We have indicated one distinguishing feature of scientific socialism; Engels indicates another in his controversy with Dühring when he says that this socialism dates only from the discovery of the nature and origin of surplus value, and that all of it has been ‘built up’ around this discovery. (The reader will understand in what sense this is said.) As the aim of the socialist movement is the abolition of exploitation of one social class by another – the proletariat by the bourgeoisie – scientific socialism became possible only from the time when science succeeded in defining the nature of class exploitation generally and, in particular, that form which it assumes in present-day society. Prior to this, socialism could not go beyond more or less vague strivings, and in its criticism of the prevailing system lacked the most important ingredient: an understanding of where lay the economic kernel of this system. The discovery of surplus value gave it this understanding. How great is the importance of this discovery is evidenced by the mere fact that the defenders of the existing order of things try with all their might to disprove its truth. The theory of marginal utility  is now meeting with a very cordial welcome from the bourgeois economists precisely because it envelops in a dense cloud the question of the exploitation of the worker by the capitalist and even throws doubt upon the very fact of this exploitation.  (Therein lies the whole ‘scientific’ meaning of this theory, the uselessness of which is far from marginal.)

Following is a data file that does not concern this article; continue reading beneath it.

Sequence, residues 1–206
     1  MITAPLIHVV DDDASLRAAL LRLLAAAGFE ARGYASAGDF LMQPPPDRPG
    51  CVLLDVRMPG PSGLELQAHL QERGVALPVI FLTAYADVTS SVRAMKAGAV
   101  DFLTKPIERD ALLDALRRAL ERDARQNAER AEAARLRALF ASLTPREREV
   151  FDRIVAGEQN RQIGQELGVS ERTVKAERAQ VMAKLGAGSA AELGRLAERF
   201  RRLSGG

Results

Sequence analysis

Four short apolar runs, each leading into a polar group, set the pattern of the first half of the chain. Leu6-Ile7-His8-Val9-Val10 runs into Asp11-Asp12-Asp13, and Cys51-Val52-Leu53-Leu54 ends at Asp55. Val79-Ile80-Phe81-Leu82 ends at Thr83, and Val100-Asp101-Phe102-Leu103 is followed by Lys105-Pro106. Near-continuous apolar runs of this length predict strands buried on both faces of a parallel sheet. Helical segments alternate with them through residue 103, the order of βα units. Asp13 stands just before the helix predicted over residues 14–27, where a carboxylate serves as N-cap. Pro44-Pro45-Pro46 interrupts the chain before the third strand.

But no matter how important the discovery of surplus value was in the history of socialism, scientific socialism would, nevertheless, have remained impossible if the abolition of the bourgeois relations of production and, consequently, the abolition of the exploitation of the proletariat by the bourgeoisie, had not been conceived as an historical necessity, conditioned by the whole process of contemporary economic development.